However, after we walked about a block outside the yard, a "bull" (security truck) pulled up beside us and demanded we line up against the wall and produce identification.  We ignored his request.  He asked us if we had been on the train, and we simply said we were lost.  He had zero authority outside the yard so we said "bye bye" and walked on.  He followed us, trying to bluff us, and it was working.  A couple other bulls drove up, too.  We came to a tall barb wire fence in an alley and were cornered.  We could have just ignored them and kept walking, but fear set in and I decided we should climb the fence into the private lot.  Jen said, "now we are adding bad to bad and could get caught tresspassing."  The bulls circled the block and kept yelling at us, but we sat tight.  Finally they lost patience and went away, and we left the lot and walked to freedom.

Bless-ed Again

We found out we were in a burb of L.A. and walked to a park.  It started raining, so we hung out in a community center there.  We were the only white people around.  The people around were refreshingly friendly.  One man handed me $5, which I passed on to Isaac (although Jen and Isaac aren't using money on this trip either).  Some other folks had had a kid's birthday party and gave us tons of left-over food from it, which we gladly snarfed down.  

I'm not used to the luxury of having a cell phone around.  I decided to check email on Jen's phone and discovered that a dude named Gary was offering us a place to stay at a ranch he is caretaking north of LA if we happened to be in the LA area!  So we called him and he gladly came to pick us up.  We stayed at a primitive cabin at this charming ranch filled with funky artwork and animals and good people (e.g., Cici and Steven), and he offered us hospitality, grand conversation and joy for a couple days until the rain subsided.  He then took us all the way back to LA and dropped us off at the ports there.

We found another abandoned shopping cart and wheeled it for miles into Long Beach.  Real Bag People we were! 

Roy, Silvia
At the ports we got a message from Roy and his mom, who offered to pick us up and bring us to their home.  So that's where we are now!  So good to see Roy again, as well as his mom and Sylvia!  They invited us to spend Thanksgiving with them.  After that we plan to go back to the ports and figure out getting on a boat to Hawaii.  If it doesn't work out in LA, we'll head to San Diego.

Roy's mom has been  showering us with Mexican hospitality, feeding us splendid food, overflowing with generosity. 

I feel so intensely grateful I'm traveling with Isaac and Jen.  They are about as pleasant and easy-going and fun as you can get, never complaining about anything and open to everything, never saying anything bad about anybody.

Born Again, Continually

Yes, how blessed I feel.


Friday, November 12, 2010

Falling Leaves and Winter Migration

Chasing the Setting Sun Over the Sea

It looks like I'm blowing out of Moab soon for the winter, heading west.  Every year I talk about hopping a boat to Hawaii without money, but I never quite get inspired enough to do it.  This year all my talk infected my friends Isaac and Jen, and their passion to do it pushed me off the fence.  So we plan to hitch to San Diego and wait around until we can hop a random boat!  It's a shot in the dark, but I know of people who have done it.  Last winter was like Siberia here, so I'm itching to go to warmer climes.  Another person might be coming to join us (but I won't give his name until/if/when he actually comes).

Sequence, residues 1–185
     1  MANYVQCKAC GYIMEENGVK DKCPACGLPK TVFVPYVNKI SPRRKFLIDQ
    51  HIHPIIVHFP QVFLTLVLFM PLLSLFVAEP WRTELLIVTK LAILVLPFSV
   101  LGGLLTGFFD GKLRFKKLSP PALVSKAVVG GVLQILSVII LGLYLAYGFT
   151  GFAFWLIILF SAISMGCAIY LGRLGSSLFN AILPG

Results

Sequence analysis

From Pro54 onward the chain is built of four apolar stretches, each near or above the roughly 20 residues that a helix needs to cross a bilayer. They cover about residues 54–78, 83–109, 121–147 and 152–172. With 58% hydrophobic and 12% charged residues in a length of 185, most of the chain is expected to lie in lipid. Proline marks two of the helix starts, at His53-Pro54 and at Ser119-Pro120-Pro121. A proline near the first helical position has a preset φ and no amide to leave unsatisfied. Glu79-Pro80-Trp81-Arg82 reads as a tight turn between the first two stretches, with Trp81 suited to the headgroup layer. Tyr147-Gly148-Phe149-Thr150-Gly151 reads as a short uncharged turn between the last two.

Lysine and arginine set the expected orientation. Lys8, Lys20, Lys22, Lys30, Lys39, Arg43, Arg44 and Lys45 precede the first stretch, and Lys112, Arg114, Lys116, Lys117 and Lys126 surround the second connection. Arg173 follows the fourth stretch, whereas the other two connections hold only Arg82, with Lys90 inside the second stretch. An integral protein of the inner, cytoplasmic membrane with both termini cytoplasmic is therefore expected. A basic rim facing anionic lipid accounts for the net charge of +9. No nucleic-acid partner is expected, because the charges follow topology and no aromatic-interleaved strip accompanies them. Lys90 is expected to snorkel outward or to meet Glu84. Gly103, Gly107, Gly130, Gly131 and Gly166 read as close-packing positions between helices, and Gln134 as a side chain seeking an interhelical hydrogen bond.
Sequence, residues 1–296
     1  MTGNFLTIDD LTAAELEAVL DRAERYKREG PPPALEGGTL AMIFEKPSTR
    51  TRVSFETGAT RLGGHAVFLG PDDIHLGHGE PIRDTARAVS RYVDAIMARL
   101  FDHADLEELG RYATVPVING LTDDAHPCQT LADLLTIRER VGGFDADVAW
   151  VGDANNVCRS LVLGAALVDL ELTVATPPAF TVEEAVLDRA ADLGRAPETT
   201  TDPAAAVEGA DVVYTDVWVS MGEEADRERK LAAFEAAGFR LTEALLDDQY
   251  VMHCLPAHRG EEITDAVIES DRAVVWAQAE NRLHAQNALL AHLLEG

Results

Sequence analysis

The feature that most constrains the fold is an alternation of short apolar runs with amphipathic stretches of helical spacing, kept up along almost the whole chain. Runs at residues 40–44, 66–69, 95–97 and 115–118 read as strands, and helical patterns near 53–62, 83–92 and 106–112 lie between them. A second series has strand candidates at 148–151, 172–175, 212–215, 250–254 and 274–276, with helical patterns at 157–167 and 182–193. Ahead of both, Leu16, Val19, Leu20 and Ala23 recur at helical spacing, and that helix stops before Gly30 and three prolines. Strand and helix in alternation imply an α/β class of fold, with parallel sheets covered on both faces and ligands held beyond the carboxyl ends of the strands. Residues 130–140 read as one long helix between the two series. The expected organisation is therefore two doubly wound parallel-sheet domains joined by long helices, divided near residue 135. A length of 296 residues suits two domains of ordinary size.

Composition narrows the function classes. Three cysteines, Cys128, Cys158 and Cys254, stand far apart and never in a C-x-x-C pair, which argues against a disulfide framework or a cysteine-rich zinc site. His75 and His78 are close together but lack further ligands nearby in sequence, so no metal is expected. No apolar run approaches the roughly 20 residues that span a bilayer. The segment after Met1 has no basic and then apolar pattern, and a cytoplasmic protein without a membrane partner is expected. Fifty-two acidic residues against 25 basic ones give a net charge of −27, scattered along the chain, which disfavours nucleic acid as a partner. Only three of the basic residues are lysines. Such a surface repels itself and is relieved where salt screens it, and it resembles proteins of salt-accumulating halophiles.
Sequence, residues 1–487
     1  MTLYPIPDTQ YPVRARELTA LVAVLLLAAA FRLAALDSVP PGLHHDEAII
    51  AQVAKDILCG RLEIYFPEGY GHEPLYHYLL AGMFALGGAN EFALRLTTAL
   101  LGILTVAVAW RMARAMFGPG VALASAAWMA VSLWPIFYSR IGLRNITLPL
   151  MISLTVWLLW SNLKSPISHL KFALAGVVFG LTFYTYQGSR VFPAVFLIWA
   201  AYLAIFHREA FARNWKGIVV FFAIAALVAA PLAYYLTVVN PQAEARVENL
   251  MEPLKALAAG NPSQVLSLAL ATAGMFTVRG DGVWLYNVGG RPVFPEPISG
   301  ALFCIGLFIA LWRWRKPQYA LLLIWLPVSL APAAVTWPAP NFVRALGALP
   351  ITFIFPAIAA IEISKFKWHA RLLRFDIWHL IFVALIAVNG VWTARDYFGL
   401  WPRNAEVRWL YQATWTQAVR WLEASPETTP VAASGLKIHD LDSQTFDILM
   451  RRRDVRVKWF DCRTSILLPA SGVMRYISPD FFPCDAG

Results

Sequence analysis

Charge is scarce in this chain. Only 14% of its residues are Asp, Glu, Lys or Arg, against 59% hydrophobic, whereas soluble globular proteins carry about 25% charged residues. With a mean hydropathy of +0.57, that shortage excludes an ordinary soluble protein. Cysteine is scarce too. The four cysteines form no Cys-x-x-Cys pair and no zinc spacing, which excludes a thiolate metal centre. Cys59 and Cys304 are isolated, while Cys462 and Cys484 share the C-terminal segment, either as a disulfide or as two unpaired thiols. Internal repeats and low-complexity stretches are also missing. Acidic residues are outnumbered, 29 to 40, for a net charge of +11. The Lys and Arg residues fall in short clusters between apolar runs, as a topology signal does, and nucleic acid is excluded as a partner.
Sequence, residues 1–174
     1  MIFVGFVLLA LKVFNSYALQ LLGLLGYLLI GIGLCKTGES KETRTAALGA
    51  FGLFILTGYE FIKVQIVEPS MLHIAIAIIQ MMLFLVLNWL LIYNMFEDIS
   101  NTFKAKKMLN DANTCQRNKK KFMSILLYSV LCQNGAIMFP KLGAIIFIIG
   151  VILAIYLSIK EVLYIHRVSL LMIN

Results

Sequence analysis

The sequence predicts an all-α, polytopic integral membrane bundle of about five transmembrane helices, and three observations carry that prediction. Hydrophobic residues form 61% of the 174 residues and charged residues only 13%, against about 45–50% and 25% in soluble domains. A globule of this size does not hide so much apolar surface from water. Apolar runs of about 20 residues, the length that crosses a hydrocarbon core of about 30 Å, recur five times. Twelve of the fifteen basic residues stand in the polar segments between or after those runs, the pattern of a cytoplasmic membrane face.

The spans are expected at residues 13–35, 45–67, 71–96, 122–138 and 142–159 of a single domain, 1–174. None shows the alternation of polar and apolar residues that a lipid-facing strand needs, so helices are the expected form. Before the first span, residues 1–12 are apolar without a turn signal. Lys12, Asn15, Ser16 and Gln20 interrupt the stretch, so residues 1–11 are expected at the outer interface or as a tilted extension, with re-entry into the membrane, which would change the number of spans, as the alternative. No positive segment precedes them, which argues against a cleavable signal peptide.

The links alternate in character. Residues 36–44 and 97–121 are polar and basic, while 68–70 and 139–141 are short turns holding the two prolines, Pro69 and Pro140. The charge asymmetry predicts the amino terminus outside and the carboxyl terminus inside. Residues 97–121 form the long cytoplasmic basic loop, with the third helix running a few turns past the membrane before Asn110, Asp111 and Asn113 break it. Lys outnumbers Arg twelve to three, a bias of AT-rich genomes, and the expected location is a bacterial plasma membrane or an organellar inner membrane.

I decided to bring the guitar that I found in the dumpster.  I can't believe how into playing it I am (since I was not much interested in it in my youth).  This old dog is learning.  I wrote down some Woody Guthrie roadie/hobo songs that I'm wanting to master as we go west.  Maybe I can write a few of my own when I get better. 

Gift Economists' Cyber-Meeting 

Since I last blogged, quite a bit has happened.  Twelve of us moneyless folks  in the world had our cybermeeting on Oct 27th.  We were, besides me:
Heidemarie (Germany)
elf Pavik (Germany)
Offie (Germany)
Mark (UK)
Sonja (South Africa)
Adin (South Africa)
Tomi (Finland)
Hugo (Brazil)
Raphael (Germany)
Benji (Holland)
The 2 girlfriends of Raphael and Benji (who just joined them. Sorry, can't remember their names).
     (Raphael, Benji, and their 2 girlfriends are currently traveling in Central America)

To see links to websites/blogs for some of the above friends, see

Lifestyle Gift Economists

We spent a lot of time trying to figure out how the cyber thing worked, so there wasn't much substantial conversation.  It was mostly a chance to see some moving faces of our clan with a bit of chatting, and it was fun and heart-warming.

We couldn't get some faces (like Mark's and Heidemarie's) to show up, but here's a few:

(L-R) elf, me, Sonja, Adin, Hugo
(L-R) Adin, Raphael & Benji's partners, Sonja, me, elf

It turns out Hugo, Sonja, and Roy are no longer on the moneyless path.

New Friends Joining Me, Coming and Going

Roy didn't get a chance to join our cyber-meeting (he was busy hitching moneyless into Mexicali, Mexico!).  It also so happens that, shortly after, Roy quit the moneyless path and decided to settle in LA and be with his daughter.  I think it's a good decision.  He's one of the few who actually gave up all his money to join me.  He then hitch-hiked out to the east coast and back here without money, then to LA and back and back again, then down to Mexicali!

A mellow dude named Braedyn came down from Canada for about a week with his guitar.  I was looking forward to getting to know him better, and have him join us in our go-west adventure, but it seems there were some family complications calling him back to Canada.